Politicians promise a safer park at vigil for slain college student – National News


nazarethman/iStock(NEW YORK) — As politicians and local leaders gathered in Manhattan’s Morningside Park Sunday to grieve the college first-year who was stabbed to death there, they vowed to honor the young woman’s life and return safety to the local park.

Tessa Majors, an 18-year-old Barnard College student from Charlottesville, Virginia, was stabbed Wednesday in Morningside Park, just off the campus of Columbia University, which sits next to Barnard.

Sunday night’s candlelight vigil was also in Morningside Park, steps from where Majors was attacked.

“She fought to live — climbing up the stairs above us, toward a security booth, even as she was bleeding,” Manhattan Borough President Gale Brewer said at the vigil.

A “budding journalist” and musician who was “endlessly creative,” Majors had the “world at her fingertips,” Brewer said.

“Tessa must have been extraordinary,” added Lisa Carnoy, co-chair of the Columbia University Board of Trustees. “Feminist, iconoclast, musician, friend. I want to know more about Tess. Together we will, we must, find an enduring way to remember and honor her.”

“We will not forget!” mourners yelled.

Local leaders used the vigil as an opportunity to vow to improve safety in Morningside Park.

“Every summer a new crop of young, energized, inquisitive people come to our neighborhood” to study, said Assemblymember Danny O’Donnell. “We have failed. We, the people who live here, need to ensure that all children who live in our neighborhood are protected.”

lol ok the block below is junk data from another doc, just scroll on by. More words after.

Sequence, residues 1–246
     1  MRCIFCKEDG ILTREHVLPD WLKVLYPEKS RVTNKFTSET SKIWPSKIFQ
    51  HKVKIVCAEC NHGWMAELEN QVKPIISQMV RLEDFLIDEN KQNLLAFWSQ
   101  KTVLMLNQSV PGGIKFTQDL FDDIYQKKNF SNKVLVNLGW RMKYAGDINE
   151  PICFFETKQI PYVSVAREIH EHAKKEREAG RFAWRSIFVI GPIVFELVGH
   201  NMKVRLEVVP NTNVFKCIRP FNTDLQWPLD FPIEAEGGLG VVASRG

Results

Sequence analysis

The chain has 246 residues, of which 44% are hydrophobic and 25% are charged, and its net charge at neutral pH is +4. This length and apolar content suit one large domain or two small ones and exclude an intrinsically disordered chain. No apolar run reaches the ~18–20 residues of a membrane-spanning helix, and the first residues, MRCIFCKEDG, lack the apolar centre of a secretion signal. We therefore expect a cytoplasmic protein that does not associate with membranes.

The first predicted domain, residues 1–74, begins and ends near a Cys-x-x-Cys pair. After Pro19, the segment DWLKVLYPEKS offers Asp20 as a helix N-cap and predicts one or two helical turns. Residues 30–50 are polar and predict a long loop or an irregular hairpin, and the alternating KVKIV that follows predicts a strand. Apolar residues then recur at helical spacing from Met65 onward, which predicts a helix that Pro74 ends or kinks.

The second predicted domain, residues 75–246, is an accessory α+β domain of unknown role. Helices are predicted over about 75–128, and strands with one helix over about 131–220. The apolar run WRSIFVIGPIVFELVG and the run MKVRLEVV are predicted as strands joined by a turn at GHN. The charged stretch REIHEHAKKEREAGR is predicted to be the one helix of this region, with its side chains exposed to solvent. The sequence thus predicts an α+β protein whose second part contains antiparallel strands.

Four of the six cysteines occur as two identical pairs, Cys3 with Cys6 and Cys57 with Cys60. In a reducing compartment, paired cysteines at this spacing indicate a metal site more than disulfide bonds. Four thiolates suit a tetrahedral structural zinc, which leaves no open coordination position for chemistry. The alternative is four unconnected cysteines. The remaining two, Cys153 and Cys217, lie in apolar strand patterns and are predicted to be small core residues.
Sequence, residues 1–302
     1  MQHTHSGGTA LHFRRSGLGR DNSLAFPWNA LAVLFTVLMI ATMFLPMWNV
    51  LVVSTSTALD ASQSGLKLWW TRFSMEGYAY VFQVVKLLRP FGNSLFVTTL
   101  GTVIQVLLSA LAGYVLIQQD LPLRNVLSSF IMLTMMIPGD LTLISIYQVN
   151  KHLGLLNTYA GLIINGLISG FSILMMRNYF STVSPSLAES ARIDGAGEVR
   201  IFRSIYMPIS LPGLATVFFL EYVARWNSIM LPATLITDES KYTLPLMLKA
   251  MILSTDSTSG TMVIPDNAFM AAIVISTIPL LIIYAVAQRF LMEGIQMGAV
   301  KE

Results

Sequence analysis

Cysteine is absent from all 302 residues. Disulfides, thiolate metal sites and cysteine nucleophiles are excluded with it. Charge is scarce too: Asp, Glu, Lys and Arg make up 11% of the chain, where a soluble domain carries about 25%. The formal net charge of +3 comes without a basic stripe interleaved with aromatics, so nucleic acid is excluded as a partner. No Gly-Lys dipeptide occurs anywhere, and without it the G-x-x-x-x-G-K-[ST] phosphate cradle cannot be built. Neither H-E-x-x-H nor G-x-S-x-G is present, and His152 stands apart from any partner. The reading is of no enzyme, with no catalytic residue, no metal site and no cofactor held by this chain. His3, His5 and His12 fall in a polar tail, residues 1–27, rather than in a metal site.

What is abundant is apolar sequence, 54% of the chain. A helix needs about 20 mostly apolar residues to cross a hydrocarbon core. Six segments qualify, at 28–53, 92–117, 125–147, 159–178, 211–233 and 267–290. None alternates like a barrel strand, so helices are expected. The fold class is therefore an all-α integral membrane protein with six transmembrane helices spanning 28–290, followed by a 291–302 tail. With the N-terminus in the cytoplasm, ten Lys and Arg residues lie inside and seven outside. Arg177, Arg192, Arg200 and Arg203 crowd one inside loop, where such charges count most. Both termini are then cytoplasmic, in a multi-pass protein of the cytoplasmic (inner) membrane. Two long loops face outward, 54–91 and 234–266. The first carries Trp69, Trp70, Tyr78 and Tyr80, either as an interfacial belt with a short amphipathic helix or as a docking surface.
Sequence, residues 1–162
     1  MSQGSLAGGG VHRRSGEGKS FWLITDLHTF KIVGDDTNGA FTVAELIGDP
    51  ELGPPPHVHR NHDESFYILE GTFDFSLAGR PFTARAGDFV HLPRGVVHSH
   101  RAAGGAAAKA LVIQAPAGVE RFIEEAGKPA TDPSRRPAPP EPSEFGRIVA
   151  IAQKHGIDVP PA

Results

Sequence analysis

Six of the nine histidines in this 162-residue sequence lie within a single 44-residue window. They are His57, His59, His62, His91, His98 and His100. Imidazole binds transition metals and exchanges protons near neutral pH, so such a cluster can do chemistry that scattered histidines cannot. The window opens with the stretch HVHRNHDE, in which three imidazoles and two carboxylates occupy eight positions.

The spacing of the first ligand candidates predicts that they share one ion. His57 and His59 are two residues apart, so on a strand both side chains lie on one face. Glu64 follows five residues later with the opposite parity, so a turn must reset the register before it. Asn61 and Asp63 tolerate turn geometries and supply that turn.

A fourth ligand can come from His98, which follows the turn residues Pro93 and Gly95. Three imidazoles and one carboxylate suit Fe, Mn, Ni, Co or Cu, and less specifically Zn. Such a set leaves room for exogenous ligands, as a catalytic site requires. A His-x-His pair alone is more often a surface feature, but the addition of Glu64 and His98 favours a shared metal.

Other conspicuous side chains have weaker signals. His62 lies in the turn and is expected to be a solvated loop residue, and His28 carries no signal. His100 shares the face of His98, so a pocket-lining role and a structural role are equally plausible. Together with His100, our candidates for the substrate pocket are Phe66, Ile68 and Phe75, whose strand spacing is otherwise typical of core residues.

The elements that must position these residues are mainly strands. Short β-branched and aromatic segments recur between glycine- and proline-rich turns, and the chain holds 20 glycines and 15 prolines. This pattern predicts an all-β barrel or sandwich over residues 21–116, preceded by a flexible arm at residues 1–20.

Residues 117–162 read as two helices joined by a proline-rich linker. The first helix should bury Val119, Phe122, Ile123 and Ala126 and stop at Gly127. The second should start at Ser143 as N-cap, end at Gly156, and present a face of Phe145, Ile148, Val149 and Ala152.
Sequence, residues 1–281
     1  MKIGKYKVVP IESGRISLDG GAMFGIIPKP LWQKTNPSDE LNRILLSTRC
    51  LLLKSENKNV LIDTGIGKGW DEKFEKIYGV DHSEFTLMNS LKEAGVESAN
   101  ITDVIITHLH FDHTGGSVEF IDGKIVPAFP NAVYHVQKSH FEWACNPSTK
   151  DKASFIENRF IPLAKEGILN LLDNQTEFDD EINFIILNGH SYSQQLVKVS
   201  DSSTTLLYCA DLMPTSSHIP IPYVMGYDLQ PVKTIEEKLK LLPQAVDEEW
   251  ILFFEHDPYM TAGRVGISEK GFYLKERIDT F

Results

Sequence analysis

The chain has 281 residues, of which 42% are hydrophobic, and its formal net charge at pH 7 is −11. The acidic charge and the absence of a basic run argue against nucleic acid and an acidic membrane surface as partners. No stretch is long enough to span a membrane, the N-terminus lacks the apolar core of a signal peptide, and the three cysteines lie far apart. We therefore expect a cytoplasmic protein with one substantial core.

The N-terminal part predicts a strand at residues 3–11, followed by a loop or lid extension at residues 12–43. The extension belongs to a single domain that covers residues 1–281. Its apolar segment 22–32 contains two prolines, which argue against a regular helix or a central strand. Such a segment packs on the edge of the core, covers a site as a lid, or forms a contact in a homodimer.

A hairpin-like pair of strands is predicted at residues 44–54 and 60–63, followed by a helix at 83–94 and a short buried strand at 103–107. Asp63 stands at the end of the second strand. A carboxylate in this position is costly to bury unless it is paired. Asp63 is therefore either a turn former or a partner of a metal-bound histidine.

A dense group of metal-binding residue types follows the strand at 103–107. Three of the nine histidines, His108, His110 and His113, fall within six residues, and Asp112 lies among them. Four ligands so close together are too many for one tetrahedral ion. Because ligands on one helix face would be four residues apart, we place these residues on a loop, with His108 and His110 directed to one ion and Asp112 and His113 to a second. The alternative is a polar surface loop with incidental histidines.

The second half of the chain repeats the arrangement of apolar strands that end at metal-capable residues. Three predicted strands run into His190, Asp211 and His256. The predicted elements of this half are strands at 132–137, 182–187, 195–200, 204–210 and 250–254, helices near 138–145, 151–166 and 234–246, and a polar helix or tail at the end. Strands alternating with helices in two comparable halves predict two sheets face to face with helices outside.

Brewer said she’ll continue “to support better lighting, more cameras, more patrols.”

“Violence does not belong here in Morningside Park,” she said.

“We need officers, foot patrol, walking the park 24 hours a day,” Assemblymember Inez Dickens said, as the crowd cheered.

Majors “could have been any one of our children,” Dickens stressed.

Congressman Adriano Espaillat also advocated for community policing at Morningside Park, so officers know the local residents by name.

“Tessa had, and all of us have, a right to feel safe and be safe in our neighborhood,” added Brad Taylor, president of resident group Friends of Morningside Park. “We will not rest until we can all be safe.”

Police are still looking for at least one of Majors’ suspected killers.

A 13-year-old boy was arrested Friday and charged with murder, robbery and weapons possession. He is not believed to be the killer, according to testimony from the arresting officer, but he did allegedly pick up the knife and give it to another teenager.

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